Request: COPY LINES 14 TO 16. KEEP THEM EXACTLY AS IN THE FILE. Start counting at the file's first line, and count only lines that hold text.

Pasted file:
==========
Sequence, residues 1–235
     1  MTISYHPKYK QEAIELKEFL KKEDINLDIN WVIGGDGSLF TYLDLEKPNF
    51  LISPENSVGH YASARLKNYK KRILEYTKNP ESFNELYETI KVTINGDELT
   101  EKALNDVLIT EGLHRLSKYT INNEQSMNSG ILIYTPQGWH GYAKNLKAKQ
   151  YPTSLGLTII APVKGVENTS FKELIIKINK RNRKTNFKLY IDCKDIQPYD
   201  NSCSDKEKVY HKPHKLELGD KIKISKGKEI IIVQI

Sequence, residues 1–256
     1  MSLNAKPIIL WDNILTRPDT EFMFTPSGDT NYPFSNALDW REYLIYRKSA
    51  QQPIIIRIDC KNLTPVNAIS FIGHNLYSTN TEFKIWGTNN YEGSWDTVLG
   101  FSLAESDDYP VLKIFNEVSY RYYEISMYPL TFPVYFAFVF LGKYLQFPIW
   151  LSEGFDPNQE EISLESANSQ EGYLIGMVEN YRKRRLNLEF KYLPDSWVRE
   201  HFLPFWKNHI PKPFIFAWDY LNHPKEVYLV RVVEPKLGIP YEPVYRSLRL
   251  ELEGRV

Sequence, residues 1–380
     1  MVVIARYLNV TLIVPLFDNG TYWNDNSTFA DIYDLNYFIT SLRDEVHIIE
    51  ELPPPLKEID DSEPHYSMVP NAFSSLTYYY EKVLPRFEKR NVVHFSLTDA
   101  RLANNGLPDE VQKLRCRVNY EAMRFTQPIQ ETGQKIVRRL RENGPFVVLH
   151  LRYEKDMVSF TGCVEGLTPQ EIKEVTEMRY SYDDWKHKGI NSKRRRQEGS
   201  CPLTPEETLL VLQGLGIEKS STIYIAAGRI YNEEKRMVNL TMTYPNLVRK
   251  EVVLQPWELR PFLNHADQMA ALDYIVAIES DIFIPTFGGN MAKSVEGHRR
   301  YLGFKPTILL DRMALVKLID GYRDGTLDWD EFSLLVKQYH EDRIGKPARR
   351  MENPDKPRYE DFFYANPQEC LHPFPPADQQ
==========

Sequence, residues 1–380
     1  MVVIARYLNV TLIVPLFDNG TYWNDNSTFA DIYDLNYFIT SLRDEVHIIE
    51  ELPPPLKEID DSEPHYSMVP NAFSSLTYYY EKVLPRFEKR NVVHFSLTDA